I’ve carried a 4” 1911 for about the last 13 years. Very easy to conceal and about the best gun available to carry, IMO.
Check the charts I posted from Ballistics by the Inch, not much loss between and 5 and 4.25 inch barrel, about 50 fps with most, almost no loss with the 230 grain bullets.I believe we have quite a similar outlook except that I have no intention of carrying a 1911. I have used the 1911 for open carry, but for me, it is too big of a gun to carry concealed. If concealment were not an issue, I would be carrying a 4 inch .357 revolver.
My typical loads are also in the 850 FPS range for 230 Grain bullets using W231 powder.
Although one can load anything in theory, I don't want to need to load anything special or buy any special ammunition for ONE brand new gun when everything else eats the same stuff.
For now, this is a question of what I would be giving up in going down to a 4 inch barrel from 5 inch guns. Convenience in carrying the gun doesn't enter into consideration at all.
Your statement is why I started a thread a while back about preferences for Blued versus Stainless guns. I personally prefer stainless where it is available. I don't mind the look of blued and even have a couple, but it is so easy to have them show wear just by handling and dry firing.The Pro Raptor was by far my most loved Raptor. But I bough it in stainless and found that although I thought it looked cool, I’m just a blued gun guy. Sold it to a contractor that was remodeling my kitchen. I think we were both happy with the deal. The price of the kitchen remodel was high and so was my price on the Raptor. We both did okay.
I looked over the charts you posted and one interesting observation is that the velocities seem to peak at about the 4.5 inch range. Velocities seem to be lower with longer barrels which is odd.Check the charts I posted from Ballistics by the Inch, not much loss between and 5 and 4.25 inch barrel, about 50 fps with most, almost no loss with the 230 grain bullets.
I have carried a 4 inch 357 concealed, you are right, they are bulky. I carried a Commander size concealed as an executive protection specialist in cold weather, hot weather, even in a tropical climate. The flatness of the 1911 makes it much easier to conceal inside the pants or shoulder rig. I never carried an aluminum one, if I had a steel one for most training, and carried the light one only for defense I think they would be great. The Commander is nearly identical to the Glock 19, 44 million of us conceal it daily. Just joking about the numbers, but me and all the FBI guys carry them concealed.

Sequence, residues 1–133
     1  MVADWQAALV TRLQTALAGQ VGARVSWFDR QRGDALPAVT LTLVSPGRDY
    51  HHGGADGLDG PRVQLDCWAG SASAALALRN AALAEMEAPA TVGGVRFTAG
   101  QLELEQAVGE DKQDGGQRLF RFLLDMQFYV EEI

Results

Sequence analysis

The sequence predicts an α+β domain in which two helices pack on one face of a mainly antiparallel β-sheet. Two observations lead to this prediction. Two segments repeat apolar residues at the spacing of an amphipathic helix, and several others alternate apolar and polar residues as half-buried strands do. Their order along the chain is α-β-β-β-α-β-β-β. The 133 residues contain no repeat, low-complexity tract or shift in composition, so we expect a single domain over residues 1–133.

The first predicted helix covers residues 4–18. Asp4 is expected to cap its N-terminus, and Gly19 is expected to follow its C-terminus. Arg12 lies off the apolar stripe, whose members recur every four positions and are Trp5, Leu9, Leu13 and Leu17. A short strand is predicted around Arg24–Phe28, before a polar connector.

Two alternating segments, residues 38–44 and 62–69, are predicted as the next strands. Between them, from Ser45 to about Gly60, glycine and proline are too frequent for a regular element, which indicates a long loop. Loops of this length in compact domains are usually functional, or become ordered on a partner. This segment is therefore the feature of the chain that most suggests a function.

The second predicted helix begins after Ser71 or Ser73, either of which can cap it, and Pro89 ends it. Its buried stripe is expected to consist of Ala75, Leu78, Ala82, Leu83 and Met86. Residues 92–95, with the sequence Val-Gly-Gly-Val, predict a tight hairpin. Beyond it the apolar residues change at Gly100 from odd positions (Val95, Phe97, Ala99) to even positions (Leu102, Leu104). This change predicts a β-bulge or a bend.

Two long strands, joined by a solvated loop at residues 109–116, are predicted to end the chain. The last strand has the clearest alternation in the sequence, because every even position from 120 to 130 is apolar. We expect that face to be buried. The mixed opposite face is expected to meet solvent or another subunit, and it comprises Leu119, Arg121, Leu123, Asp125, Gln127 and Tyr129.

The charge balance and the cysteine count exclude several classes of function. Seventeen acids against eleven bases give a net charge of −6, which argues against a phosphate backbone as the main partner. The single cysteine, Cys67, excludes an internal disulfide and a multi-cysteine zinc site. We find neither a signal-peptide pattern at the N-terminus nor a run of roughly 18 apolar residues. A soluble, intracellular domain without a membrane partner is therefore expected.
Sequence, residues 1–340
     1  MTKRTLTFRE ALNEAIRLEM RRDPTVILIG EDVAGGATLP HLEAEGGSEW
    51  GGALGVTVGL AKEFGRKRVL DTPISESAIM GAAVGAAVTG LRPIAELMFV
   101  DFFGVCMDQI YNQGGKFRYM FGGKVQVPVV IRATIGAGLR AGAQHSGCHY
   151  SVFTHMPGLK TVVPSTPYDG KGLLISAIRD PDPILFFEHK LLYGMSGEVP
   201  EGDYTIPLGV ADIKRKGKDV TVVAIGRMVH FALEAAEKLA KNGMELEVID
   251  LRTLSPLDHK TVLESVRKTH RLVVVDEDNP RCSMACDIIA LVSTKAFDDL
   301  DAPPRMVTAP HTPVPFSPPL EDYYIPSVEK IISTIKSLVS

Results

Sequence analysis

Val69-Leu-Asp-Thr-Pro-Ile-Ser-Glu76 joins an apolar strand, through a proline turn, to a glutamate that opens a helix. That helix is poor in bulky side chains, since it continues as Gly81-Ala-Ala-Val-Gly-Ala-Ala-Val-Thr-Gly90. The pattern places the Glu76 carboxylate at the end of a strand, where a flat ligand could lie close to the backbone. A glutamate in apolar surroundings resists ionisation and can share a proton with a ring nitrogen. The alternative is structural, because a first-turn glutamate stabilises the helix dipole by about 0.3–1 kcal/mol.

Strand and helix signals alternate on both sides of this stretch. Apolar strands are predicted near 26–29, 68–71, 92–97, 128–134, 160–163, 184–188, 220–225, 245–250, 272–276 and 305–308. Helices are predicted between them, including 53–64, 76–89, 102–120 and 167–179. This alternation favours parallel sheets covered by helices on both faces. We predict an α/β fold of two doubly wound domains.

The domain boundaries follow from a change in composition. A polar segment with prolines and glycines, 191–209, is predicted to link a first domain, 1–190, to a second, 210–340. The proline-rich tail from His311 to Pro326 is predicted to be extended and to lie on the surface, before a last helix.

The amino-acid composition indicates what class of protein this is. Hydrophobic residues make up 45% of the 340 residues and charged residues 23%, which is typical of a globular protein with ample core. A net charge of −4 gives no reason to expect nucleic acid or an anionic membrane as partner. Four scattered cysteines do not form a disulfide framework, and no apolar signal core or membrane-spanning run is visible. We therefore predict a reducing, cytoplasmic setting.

The lower velocity in the longer barrels has to do with the short fat case and the friction of the bullet. 45 acp is loaded with a fast powder and it does what it does very quickly. The original design is a 5 inch barrel. So the plan was for it to use up its power pretty quick. Very different from bullets that are in long thin cases with large amounts or powder to burn. The same type of powder will just take longer to burn and actually dramatically increase in velocity. Take the 357 mag for example, in a 16 or 18 inch barrel it will double the velocity of what it would get in a short barrel, like the common 2.5 or 3 inch. The 45 acp is just too short to have powder left over to burn as it goes down the barrel.I looked over the charts you posted and one interesting observation is that the velocities seem to peak at about the 4.5 inch range. Velocities seem to be lower with longer barrels which is odd.
As mentioned before, the Combat Commander is intended just as a target gun for now and possibly as a home defence gun if needed. I don't want a gun that is not useful for anything but a range toy. A lot of what one might be able to carry concealed depends on physical build. I am not large or tall, so am basically limited to single stack 9 mm which is what I chose for a carry gun way back. It was sometimes swapped for a .380 auto which wasn't much smaller but was lighter. Weight seems to matter more than absolute size and the 1911 is not good in either characteristic for me. A very heavy item in a pocket or fanny pack just screams GUN! If open carry was allowed, it was usually a 1911 with GI Ball rounds because that was the only factory ammunition I was guaranteed to have.